Jan 13 2019 - Psalm 2 – God's appointed king

The first two psalms form an introduction to the whole book. Psalm 1, which we read a week ago, focused on the character of those who know God and the blessings that are theirs. Psalm 2 tells us that God will establish the rule of his king, his Messiah, over all the world. His kingdom will come and his will be done on earth as in heaven.

This psalm arises out of the history of king David who faced opposition from many of the nations around him and was frequently involved in conflict and in war. But this is also a prophetic psalm speaking ultimately of the Lord Jesus Christ.

In Acts 3 we read how Peter and John had healed a lame man who had been begging at one of the entrances to the Temple. The sight of a lame man leaping and praising God gave Peter the opportunity to preach to the gathering crowds, telling them of the power of the risen Lord Jesus. This angered the Jewish leaders who hauled Peter and John before their court and with many threats commanded them to stop preaching about Jesus.

On their release, Peter and John called a prayer meeting where, we read, "they raised their voices together in prayer to God. ‘Sovereign Lord … you made the heavens and the earth and the sea, and everything in them. You spoke by the Holy Spirit through the mouth of your servant, our father David:

“Why do the nations rage
    and the peoples plot in vain?
The kings of the earth rise up
    and the rulers band together
against the Lord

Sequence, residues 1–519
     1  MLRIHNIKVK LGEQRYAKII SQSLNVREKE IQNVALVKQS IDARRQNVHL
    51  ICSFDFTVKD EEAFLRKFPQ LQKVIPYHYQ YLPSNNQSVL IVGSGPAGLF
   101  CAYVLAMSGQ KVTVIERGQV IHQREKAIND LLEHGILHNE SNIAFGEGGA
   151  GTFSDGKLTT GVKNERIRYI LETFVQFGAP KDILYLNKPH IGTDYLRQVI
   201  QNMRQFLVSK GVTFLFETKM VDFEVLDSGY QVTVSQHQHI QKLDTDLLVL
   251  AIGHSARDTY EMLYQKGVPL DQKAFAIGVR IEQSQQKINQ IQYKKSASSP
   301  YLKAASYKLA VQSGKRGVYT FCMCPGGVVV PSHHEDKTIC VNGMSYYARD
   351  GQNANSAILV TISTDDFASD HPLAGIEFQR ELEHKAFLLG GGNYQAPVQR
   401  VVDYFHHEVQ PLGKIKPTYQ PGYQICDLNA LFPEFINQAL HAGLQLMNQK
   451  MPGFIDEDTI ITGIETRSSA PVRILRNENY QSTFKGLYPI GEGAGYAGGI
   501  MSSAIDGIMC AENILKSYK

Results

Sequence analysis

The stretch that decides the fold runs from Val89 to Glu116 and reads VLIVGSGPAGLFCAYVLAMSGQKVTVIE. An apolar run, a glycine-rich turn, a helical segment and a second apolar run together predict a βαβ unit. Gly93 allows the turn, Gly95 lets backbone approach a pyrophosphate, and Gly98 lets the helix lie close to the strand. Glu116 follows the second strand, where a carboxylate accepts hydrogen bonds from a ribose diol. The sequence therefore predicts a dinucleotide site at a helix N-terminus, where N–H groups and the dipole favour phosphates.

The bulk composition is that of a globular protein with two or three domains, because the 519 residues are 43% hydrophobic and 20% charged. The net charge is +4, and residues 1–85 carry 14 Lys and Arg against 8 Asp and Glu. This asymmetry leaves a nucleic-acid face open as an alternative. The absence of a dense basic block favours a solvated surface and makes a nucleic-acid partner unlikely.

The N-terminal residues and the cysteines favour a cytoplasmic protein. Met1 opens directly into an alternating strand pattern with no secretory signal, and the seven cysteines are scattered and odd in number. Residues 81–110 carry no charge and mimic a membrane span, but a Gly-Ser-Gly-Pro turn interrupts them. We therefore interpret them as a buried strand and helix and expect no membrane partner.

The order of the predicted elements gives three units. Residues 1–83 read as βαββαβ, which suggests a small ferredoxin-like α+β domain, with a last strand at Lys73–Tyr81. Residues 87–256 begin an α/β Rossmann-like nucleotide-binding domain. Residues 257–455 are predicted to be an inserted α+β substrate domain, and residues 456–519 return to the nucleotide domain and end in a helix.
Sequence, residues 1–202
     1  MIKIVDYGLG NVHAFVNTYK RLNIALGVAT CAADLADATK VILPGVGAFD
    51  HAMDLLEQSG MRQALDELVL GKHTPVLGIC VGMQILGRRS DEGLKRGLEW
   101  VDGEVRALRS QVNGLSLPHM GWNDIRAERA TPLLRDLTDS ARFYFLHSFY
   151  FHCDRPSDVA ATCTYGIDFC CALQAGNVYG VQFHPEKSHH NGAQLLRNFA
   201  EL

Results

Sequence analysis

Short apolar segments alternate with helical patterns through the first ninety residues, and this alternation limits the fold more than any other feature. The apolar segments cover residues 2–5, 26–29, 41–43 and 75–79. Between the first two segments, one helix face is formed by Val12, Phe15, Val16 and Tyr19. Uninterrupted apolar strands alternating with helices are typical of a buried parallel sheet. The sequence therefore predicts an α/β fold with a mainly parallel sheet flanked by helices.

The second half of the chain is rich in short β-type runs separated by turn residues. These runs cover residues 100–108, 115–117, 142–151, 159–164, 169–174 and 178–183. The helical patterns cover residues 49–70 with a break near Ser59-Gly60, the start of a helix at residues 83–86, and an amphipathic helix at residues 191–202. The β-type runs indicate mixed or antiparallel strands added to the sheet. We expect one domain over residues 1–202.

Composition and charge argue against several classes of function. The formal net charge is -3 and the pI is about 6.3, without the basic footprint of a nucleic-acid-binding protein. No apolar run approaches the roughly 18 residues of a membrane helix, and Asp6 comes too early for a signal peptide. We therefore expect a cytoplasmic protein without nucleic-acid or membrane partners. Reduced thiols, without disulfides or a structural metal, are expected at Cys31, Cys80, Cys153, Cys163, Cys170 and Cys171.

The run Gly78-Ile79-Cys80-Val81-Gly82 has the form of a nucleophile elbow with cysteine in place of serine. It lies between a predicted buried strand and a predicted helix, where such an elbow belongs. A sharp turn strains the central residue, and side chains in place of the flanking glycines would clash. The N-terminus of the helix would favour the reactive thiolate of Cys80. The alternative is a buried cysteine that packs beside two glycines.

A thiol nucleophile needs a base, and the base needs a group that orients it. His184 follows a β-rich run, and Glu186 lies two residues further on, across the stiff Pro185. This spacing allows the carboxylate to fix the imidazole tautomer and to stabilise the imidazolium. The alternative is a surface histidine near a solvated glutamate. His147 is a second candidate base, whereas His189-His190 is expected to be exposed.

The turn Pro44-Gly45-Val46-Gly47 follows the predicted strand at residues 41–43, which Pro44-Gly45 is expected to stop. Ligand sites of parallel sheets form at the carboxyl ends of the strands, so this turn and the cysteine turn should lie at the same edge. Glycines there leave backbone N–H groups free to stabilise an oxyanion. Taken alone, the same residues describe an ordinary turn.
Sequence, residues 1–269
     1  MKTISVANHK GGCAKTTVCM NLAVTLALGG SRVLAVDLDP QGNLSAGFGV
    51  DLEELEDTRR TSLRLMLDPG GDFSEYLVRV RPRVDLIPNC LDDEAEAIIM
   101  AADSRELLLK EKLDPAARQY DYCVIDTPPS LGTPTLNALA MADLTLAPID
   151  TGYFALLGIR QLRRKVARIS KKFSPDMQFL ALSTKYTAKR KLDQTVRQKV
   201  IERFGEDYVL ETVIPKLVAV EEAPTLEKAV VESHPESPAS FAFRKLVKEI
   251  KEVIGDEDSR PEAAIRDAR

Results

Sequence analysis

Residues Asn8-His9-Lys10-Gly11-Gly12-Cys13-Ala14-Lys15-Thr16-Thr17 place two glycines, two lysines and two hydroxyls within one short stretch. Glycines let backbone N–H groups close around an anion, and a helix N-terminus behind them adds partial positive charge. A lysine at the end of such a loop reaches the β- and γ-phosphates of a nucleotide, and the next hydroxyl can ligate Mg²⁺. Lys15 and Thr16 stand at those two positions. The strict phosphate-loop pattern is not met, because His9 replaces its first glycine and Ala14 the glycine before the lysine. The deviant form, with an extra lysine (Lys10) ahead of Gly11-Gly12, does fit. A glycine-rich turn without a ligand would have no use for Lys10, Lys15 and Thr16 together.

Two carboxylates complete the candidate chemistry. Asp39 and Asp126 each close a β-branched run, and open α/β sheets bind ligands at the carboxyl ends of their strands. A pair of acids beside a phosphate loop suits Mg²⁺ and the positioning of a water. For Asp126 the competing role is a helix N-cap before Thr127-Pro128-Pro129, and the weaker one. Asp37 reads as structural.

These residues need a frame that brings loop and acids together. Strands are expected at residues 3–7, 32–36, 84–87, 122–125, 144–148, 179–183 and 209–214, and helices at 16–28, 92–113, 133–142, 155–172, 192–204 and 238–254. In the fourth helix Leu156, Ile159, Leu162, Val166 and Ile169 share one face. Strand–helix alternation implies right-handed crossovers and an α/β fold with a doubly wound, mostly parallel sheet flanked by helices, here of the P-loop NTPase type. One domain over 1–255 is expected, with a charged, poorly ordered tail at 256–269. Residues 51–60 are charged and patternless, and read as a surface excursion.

and against his anointed one.”

Indeed Herod and Pontius Pilate met together with the Gentiles and the people of Israel in this city to conspire against your holy servant Jesus, whom you anointed. They did what your power and will had decided beforehand should happen. Now, Lord, consider their threats and enable your servants to speak your word with great boldness. Stretch out your hand to heal and perform signs and wonders through the name of your holy servant Jesus.’"

The apostles understood Psalm 2 to be a prophetic Psalm which finds its fulfilment in the death and resurrection of the Lord Jesus Christ. Representatives of "all nations", the Jews and Gentiles, plotted together to get rid of Jesus, God's anointed King, his Messiah. They may have managed to put him to death but the last word belongs to God who raised him from the dead and has given to him all power in heaven and upon earth – power that had been displayed in this remarkable healing. Peter and John pray that God would continue to give them boldness to preach and heal in the name of Jesus and so continue to demonstrate that Jesus Christ is Lord.

How bold are we as Christians? Are we sometimes afraid of speaking of Jesus and of his death and resurrection; afraid of arousing opposition?

God has demonstrated that he is the Sovereign Lord who has determined that all nations shall become the inheritance of his Son. Every knee shall at last bow before God and every tongue confess that Jesus Christ is Lord. Let's not be ashamed of him but gladly tell the world of their coming King.

Heavenly Father, by your Spirit make us bold in the work of the kingdom and in proclaiming the glories of our Lord Jesus Christ. May many be drawn to embrace your Son and own him as their Saviour.

Peter Misselbrook